At Wales' last school to get broadband, children wait half an hour for internet pages to download.
The company awarded the publicly-subsidised contract to deliver superfast broadband to thousands of rural homes in Devon and Somerset has been given a deadline to come up with a rescue plan for the programme.
Last September, Gigaclear admitted the project was facing significant delays and was two years behind schedule.
Connecting Devon and Somerset, the organisation in charge of the whole project, stopped paying Gigaclear nine months ago.
It has told the firm it must come up with acceptable plans by the end of July to fulfill the contract.
Now lots of you got in touch with us yesterday after our discussion about 5G launching in Belfast. It's set to revolutionise mobile technology but many of you messaged us saying you still struggled to get even a basic service in your area. So we've been to Mid Ulster which holds the title of second worst broadband access. There's a commitment to try and get all homes up to a 30 megabits per second broadband speed but wait to your hear the speeds we've been told about. Peter Coulter reports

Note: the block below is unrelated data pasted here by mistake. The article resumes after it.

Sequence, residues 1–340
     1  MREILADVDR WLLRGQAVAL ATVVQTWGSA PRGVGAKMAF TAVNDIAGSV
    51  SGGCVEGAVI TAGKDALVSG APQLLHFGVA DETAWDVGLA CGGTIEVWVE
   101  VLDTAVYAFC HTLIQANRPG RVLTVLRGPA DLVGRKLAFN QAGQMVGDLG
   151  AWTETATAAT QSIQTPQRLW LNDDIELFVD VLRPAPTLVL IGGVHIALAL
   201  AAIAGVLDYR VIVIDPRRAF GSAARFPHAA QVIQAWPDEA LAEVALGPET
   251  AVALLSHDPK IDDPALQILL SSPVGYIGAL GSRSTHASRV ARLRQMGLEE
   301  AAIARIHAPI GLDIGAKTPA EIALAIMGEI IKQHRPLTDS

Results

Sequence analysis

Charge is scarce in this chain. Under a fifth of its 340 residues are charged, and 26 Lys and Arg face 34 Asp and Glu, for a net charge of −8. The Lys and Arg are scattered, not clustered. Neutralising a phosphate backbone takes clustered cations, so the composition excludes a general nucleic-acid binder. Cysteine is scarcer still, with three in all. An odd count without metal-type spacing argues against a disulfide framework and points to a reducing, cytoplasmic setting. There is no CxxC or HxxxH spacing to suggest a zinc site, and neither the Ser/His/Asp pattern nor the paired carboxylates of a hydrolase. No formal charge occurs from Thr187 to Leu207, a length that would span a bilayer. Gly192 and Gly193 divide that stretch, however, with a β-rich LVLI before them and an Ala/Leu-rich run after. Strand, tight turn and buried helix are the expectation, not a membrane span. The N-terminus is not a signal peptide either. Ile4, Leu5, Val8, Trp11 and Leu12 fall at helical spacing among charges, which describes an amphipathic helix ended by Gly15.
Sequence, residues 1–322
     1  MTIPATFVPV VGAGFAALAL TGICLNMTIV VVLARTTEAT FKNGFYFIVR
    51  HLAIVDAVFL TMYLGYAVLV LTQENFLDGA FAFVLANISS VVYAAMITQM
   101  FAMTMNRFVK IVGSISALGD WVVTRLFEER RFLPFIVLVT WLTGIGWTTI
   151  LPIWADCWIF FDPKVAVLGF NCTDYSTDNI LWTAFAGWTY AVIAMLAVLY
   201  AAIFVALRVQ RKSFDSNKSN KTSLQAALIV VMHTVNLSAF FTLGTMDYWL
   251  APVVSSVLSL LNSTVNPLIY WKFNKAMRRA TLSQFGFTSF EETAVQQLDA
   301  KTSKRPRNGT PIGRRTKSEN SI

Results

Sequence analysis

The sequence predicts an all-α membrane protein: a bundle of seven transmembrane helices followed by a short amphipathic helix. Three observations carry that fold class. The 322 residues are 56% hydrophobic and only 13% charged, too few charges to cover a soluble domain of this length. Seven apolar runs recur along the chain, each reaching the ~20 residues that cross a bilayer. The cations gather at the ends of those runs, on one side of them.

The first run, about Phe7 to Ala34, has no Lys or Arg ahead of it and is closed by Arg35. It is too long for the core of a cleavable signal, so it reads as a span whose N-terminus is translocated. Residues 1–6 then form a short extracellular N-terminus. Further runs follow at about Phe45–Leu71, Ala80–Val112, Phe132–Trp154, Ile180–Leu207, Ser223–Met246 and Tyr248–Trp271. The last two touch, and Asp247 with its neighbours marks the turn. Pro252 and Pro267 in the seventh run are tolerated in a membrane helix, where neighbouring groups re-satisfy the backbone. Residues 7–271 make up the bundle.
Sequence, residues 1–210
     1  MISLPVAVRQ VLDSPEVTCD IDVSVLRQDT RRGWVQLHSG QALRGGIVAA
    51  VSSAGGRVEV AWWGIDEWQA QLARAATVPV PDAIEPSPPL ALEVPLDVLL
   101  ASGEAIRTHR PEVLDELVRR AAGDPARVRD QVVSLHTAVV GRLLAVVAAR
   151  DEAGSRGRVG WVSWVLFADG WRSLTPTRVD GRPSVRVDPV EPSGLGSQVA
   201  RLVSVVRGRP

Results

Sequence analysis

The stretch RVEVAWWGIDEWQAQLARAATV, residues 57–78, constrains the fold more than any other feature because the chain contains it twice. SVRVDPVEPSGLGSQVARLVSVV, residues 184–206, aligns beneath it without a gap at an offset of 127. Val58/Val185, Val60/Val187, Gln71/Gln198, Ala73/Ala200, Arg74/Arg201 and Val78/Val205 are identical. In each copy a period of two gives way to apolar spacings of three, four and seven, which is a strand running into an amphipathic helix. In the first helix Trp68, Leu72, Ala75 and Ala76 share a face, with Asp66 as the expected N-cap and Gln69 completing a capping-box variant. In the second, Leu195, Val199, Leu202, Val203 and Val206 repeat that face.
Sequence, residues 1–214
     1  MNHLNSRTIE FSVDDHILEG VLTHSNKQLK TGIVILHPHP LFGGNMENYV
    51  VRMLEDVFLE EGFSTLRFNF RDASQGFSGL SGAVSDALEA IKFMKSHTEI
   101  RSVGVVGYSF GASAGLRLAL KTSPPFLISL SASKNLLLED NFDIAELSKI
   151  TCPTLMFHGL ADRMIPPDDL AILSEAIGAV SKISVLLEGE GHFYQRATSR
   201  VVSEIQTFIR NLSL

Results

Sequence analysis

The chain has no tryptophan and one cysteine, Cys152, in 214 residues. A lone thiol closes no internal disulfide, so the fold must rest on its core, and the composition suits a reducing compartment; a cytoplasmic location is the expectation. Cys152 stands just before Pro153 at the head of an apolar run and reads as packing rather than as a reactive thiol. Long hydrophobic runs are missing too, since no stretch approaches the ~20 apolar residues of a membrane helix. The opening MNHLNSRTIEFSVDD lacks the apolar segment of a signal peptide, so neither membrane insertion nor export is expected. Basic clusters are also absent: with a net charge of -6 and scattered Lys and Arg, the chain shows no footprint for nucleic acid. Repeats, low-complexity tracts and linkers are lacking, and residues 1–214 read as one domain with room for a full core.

A business owner in Birmingham says it's "ridiculous" he's wasting money because of an internet connection "worse than rural Shropshire".
Andrew Smith is managing director of Smith Francis Tools in Digbeth and has blamed BT Openreach for not upgrading its local service to faster fibre broadband.
He's estimated his firm wastes £15,000 every year because the base and the West Bromwich office can't communicate efficiently and end up duplicating work.
BT Openreach says it's working to improve broadband speeds in Birmingham and promised to "take a closer look" at Mr Smith's area of Digbeth.